The long-gone restaurant and bar at 2100 Market Street — the flatiron-shaped property that was bulldozed to make way for a seven-story residential building that infuriated the neighborhood when the developer revealed in 2019 it would essentially be a corporate-rental hotel — was home to multiple gay-friendly businesses in the years that it was in operation. And one of its brief incarnations in the 1970s, a 24-hour diner called The Truck Stop, figures into the unsolved case of "The Doodler," a serial killer who preyed on gay men in San Francisco, and about whom Chronicle reporter Kevin Fagan has just done a new podcast.
The large property was home to multiple restaurants in addition to bars that utilized a back patio space that figured heavily in the ultimate demise of Home. The restaurant declared bankruptcy in 2011 after a deal to sell the business to the owners of the nearby Lookout fell through — and the deal died because the liquor license had never technically covered drink service on the patio, even though Home had been serving drinks there for years.
Maybe earlier bar incarnations had maintained separate liquor licenses for the back space, because, as the SF Gay History blog recounts, The Truck Stop had a companion bar back there called The Rear End (which reportedly "attracted an attractive clientele"). And during the long tenure of Church Street Station, which took over the space from 1977 to the early 1990s, the bar in back was called Hideaway. There was no liquor being served during its stint as a Boston Market, and then the restaurant JohnFrank had a brief stay serving pricy cocktails before the place morphed into Home in 2002, complete with full service food and beverage on that patio.
In Episode 5 of The Doodler podcast (which is misleadingly linked to Chapter 4 of the Chronicle companion series), we hear about the last known victim of The Doodler, Harald Gullberg, a merchant sailor and naturalized U.S. citizen originally from Sweden who at the time of his death was a lonely 67-year-old with no known local ties in San Francisco. His last known address: a seedy hotel on Sixth Street.
But we also learn about two men who likely almost became victims of the Doodler but survived their attacks. One was a Hollywood actor who was well known enough that the police never filed an official report on his attack out of respect for his privacy and fame — he escaped a hotel room or bedroom after a knife slipped out of the Doodler's pocket. He has yet to be identified — though Cary Grant and Rock Hudson were known to frequent the more upscale gay social clubs of the day.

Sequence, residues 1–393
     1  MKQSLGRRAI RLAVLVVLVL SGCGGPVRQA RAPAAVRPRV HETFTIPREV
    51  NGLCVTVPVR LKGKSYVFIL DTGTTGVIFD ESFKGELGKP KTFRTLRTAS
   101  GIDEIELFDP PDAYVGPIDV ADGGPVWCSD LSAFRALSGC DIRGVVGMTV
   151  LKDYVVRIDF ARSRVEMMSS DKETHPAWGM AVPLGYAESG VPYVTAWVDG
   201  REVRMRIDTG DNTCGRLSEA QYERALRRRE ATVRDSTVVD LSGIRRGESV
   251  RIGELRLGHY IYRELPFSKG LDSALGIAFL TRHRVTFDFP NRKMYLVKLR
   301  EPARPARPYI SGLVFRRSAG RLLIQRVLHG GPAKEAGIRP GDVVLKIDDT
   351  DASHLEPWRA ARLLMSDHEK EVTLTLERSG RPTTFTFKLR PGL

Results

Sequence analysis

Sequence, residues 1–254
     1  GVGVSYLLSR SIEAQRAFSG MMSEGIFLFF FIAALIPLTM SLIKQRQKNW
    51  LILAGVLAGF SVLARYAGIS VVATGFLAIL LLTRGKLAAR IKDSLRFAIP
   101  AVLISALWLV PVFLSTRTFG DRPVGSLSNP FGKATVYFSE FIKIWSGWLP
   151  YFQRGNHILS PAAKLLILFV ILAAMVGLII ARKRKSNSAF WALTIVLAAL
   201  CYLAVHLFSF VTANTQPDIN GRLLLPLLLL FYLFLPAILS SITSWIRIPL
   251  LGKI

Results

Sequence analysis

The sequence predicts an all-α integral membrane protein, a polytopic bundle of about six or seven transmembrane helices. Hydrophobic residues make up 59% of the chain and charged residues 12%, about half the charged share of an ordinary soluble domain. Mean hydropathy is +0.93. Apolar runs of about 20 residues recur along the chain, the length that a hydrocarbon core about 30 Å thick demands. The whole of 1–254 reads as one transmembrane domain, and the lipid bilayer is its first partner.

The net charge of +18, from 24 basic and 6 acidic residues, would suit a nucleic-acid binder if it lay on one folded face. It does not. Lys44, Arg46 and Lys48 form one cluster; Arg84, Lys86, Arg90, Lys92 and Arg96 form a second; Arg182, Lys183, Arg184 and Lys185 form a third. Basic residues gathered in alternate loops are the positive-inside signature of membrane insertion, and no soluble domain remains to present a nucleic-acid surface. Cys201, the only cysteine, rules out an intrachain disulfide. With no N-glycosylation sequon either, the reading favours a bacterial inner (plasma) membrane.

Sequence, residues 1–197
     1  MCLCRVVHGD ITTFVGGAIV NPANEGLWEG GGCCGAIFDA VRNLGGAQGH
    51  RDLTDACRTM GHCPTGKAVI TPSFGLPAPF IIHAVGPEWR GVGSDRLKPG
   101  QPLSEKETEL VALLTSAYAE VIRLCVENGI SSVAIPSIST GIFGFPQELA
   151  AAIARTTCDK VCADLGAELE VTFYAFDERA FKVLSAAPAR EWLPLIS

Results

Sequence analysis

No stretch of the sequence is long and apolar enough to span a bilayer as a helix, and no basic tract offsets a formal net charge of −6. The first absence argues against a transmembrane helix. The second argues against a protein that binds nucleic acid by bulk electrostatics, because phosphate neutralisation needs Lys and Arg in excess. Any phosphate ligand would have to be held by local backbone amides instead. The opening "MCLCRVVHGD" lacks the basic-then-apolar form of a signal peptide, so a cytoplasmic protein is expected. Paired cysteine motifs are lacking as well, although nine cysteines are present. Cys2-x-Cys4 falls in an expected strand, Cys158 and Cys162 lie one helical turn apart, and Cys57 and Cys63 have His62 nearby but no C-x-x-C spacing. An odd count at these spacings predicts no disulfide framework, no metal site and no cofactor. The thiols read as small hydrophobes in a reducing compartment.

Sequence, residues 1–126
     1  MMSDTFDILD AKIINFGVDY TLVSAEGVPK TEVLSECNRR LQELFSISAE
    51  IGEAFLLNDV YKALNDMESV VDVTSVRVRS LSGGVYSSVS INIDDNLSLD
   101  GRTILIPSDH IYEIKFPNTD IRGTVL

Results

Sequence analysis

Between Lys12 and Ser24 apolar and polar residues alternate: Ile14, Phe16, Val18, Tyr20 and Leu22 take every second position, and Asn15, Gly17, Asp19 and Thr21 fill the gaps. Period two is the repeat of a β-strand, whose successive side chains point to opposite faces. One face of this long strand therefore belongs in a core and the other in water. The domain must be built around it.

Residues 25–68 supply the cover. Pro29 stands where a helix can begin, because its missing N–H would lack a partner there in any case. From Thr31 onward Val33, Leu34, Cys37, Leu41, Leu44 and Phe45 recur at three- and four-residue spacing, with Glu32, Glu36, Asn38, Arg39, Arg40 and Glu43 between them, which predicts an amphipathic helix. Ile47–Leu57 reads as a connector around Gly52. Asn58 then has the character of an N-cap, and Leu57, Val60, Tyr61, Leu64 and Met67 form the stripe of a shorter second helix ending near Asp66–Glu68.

The other near miss, who was actually gravely injured in the Doodler's attack, was a man known only as The Diplomat. It was reportedly common for men with careers like that to have such monikers in bars they frequented and to never use their real names. Fagan's reporting leads him to believe it was a Swedish diplomat at the time, and all we know is that the victim lived in an apartment in the then-new Fox Plaza tower on Market Street.
The Diplomat is said to have encountered the Doodler — who got his name because he would sketch his victims' portraits on cocktail napkins as a way to flatter and lure them in — at The Truck Stop around 2 a.m. one morning. Men drinking at the Rear End were known to migrate over to the diner after the bar stopped serving, and on the night in question, the Doodler was reportedly sketching pictures of animals on napkins, and impressing people with his skills. The Diplomat took him home to Fox Plaza, and said that the artistic young man locked himself in the bathroom for a while. When he came out, the Diplomat had sat down with back to the bathroom door, and the Doodler attacked him with a steak knife, stabbing him in the back six times while saying, "You guys are all alike." He only managed to escape after the handle of the knife broke off.
The Diplomat gave a report to the SFPD after being treated for grave injuries, but he has never been publicly identified, and is reportedly still alive and traumatized by what happened.
The Doodler himself may still be alive, and the SFPD revived their investigation into the unsolved murders in 2018, announcing a new $100,000 reward for information in 2019. Investigators know that he likely killed at least five victims, but potentially killed as many as 16 between January 1974 and September 1975 before ending his spree.
Below, side-by-side drawings of the Doodler then, as imagined by a sketch artist based on one witness's account, and what he might look like now.